Twin Cities Tenants Prefer Smoke-Free Housing1 According to a 2009 survey, 53% of Twin Cities renters are “extremely” or “very” interested in living in a smoke-free building. Over 75% of renters would be “somewhat” or “very likely” to choose a smoke-free building over a building that allows smoking, all other things being equal. Over 22% of renters would pay more in rent to live in a smoke-free building. Many renters would also be willing to make sacrifices such as driving farther to work or walking farther to a bus line to live in a smoke-free building. The Market Gap for Smoke-Free Housing2 Total Apartment Buildings in the Twin Cities
= 1,100 buildings
Smoke-Free Apartment Buildings in the Twin Cities
The demand for smoke-free housing greatly outnumbers the amount of smoke-free housing available.
“The response from our tenants was overwhelmingly positive. We received several thank you notes and phone calls, some from smokers.” — Dan Largen, Property Manager, Mint Properties, Minneapolis, MN (The company went smoke free in all 42 of their buildings)9
Minnesota Owners Have Had Positive Experiences12 When building owners first consider adopting a smoke-free policy, many are concerned about enforcement and legal issues. In a 2001 survey, many owners of smoke-free buildings saw a decrease or no effect in turnover, vacancy rates, and staff time to manage the building.The actual experience of owners with smoke-free buildings has been much more positive than the perceptions of those without smoke-free buildings.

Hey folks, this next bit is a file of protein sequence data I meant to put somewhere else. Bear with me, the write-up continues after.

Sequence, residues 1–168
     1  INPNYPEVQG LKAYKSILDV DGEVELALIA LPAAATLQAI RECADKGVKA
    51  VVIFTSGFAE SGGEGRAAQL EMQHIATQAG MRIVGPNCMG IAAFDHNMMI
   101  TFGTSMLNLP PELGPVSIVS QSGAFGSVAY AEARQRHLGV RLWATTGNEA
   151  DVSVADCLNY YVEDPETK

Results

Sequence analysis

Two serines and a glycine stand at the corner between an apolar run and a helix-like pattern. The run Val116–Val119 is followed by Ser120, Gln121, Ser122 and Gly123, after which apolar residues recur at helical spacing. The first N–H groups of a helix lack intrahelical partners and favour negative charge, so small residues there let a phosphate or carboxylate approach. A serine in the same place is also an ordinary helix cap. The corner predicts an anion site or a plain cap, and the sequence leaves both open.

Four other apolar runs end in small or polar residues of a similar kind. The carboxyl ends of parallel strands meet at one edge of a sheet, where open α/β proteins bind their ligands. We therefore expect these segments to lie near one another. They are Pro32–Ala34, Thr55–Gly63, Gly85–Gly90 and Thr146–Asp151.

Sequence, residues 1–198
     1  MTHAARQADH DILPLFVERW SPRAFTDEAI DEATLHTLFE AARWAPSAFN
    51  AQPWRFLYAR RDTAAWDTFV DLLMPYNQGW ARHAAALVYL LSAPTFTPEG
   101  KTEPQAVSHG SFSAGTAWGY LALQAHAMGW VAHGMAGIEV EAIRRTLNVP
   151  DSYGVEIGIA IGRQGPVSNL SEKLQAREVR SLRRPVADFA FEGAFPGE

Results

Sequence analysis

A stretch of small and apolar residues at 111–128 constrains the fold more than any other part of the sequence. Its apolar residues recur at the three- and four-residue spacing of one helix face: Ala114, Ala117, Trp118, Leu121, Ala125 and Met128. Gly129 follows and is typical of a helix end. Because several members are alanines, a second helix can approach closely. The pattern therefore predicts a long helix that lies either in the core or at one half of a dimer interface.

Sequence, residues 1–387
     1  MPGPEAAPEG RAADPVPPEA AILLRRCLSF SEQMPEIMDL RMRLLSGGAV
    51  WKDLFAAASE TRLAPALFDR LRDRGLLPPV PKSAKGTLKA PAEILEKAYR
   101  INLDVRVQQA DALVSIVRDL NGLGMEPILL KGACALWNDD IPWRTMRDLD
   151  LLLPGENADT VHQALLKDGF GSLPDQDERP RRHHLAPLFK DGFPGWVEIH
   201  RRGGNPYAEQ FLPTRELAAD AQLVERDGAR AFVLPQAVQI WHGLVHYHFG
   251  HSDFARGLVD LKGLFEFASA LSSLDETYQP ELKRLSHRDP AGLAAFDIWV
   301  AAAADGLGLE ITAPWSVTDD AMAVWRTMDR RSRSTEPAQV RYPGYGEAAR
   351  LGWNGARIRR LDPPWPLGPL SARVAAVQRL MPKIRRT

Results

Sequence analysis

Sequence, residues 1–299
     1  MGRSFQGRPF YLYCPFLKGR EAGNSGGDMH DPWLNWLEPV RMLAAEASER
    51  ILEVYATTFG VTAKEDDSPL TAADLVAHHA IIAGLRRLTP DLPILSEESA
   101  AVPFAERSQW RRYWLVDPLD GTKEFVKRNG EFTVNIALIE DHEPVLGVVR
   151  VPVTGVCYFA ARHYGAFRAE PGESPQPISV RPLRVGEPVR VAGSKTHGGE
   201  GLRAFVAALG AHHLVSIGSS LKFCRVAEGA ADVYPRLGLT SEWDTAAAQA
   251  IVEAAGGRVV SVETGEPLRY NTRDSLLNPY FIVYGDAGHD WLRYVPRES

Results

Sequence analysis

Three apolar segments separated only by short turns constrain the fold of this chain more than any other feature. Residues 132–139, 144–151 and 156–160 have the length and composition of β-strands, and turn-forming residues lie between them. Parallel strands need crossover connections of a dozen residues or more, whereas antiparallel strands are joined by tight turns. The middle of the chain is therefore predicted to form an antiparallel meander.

On average, it costs 2-3 times more to clean a unit that has been smoked in compared to one that has not.
Protect Your Investment Cleaning and Renovation Costs are Lower Smoking can cause extensive damage to apartment units. The smoke can leave sticky particles, residue, and stains on walls, curtains, cabinets, blinds, appliances, and fixtures. Dropped cigarettes and ashes can leave burn damage on tiles, carpets, curtains, countertops, and bathtubs. Smoke odors can remain in carpets, curtains, and walls for a very long time. Residue, burns, and odors create more turnover time, and 2-3 times higher cleaning costs for building owners and managers. Many residents may decide not to rent an apartment if it has been smoked in. A smoky smell and residue is very difficult for a resident to eliminate on his or her own. Rather than risk feeling ill and having their clothing and furniture absorb the smoke smell, they may decide to look for somewhere else to live.